Whenever you see someone outside the body of Christ, think: “This person needs the Good News.” Expand that to this: “This person needs to hear the Good News.” Expand that further still to this: “This person needs to hear the Good News from me.” If not from you, then from whom?
#evangelism #gospel #mission
A measure of one’s seriousness about God’s #mission to save is how much one is willing to forego in order to reach the lost.
To live for the Lord is to live to glorify him. To glorify him means, in great part, to teach the gospel to the lost. Those who don’t teach aren’t glorifying God.
Christians do good to others, as a reflection of who they are, but their mission is not to improve man’s physical or material condition. It seems to be a tendency of ministries that move away from the true gospel to devote themselves heavily to physical and material needs.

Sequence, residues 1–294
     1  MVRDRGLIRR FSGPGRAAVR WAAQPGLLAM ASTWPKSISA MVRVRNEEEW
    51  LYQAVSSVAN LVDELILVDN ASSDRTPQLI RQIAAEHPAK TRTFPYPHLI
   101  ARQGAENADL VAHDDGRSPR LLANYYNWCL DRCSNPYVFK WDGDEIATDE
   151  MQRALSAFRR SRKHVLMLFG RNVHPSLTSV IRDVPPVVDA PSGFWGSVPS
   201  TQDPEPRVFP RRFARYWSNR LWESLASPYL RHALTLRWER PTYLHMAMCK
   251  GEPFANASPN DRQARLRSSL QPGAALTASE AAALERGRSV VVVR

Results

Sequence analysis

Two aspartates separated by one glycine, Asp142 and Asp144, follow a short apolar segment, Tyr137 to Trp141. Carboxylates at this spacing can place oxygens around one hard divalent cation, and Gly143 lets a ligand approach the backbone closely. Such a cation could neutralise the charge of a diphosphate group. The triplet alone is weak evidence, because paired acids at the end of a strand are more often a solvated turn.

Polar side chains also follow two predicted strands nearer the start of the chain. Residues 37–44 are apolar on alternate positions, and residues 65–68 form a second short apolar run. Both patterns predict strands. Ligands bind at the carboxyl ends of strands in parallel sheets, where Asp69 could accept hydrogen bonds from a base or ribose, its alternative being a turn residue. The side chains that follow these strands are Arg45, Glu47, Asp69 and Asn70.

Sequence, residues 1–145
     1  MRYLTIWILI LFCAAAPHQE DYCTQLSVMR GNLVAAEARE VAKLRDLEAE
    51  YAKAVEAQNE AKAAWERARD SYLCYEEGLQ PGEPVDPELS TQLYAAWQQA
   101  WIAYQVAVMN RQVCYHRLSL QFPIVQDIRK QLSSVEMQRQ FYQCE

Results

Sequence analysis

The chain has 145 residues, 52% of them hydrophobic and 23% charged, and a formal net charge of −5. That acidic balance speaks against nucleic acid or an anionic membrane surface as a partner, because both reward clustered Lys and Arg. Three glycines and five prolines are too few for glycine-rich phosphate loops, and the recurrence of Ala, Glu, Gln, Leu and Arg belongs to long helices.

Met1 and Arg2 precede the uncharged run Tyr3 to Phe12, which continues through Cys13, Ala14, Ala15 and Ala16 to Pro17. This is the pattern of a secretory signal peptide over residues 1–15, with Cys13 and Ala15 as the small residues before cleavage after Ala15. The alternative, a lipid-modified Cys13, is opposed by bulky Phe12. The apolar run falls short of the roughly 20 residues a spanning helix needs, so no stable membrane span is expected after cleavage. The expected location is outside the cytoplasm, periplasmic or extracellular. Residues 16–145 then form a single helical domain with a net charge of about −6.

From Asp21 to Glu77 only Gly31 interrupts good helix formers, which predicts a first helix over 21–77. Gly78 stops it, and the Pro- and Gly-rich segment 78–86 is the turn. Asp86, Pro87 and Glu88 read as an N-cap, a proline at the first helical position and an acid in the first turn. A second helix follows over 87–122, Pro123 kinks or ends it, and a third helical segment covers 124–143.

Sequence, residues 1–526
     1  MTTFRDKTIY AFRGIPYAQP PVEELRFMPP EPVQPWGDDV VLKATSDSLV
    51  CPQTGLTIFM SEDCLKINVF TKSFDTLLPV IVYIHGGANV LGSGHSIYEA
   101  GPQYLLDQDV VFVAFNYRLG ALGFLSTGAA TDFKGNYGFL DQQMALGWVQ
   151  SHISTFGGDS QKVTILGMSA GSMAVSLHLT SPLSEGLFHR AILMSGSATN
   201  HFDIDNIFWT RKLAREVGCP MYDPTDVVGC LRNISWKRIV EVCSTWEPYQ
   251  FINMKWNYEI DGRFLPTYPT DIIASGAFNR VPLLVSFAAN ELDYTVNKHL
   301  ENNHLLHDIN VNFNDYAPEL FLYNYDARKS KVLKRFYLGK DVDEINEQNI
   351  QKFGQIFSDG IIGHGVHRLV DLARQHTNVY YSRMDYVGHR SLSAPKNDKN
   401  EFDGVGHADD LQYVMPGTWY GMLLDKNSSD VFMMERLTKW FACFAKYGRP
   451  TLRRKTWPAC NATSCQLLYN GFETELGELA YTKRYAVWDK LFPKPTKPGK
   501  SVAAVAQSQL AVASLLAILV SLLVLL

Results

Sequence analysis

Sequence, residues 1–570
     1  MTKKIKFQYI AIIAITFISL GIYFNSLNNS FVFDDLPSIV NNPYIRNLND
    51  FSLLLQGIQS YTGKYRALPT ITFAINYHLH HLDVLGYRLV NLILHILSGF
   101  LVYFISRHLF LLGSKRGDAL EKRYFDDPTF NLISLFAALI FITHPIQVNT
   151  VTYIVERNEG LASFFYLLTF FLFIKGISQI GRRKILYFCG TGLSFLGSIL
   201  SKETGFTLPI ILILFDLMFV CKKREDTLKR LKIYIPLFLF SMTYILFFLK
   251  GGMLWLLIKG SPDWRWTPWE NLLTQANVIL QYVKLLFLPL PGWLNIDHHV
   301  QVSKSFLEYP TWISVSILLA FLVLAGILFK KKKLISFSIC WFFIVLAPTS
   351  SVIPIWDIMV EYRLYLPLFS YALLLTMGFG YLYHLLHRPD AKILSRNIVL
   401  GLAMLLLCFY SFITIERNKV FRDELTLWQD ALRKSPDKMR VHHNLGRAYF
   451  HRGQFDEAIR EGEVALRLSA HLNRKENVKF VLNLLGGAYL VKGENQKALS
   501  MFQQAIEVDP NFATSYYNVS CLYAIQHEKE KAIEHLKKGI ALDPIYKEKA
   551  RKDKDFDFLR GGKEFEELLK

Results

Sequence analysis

“… hospitality was an essential part of the Christian life, particularly in providing places for meeting and for the visiting ministry of prophets, evangelists and teachers, as well as of the apostles in the earliest days. The practice is reflected in many places in the New Testament, Paul often having occasion to thank the members of [the] churches for their generosity in this way and to request them to give hospitality to his fellow-workers when he sent them to different places. He too commends it as a virtue necessary for the church’s life in Rom. 12: 13 …” — A.R.C. Learney, Letters of Peter and Jude, p. 62.
Academic works may be dry and detached from the warmth of the Scriptures because they have missed the love of God and the mission of Christ in the world to save sinners.
“We judge our success by sending capacity, not seating capacity.” —J.D. Greear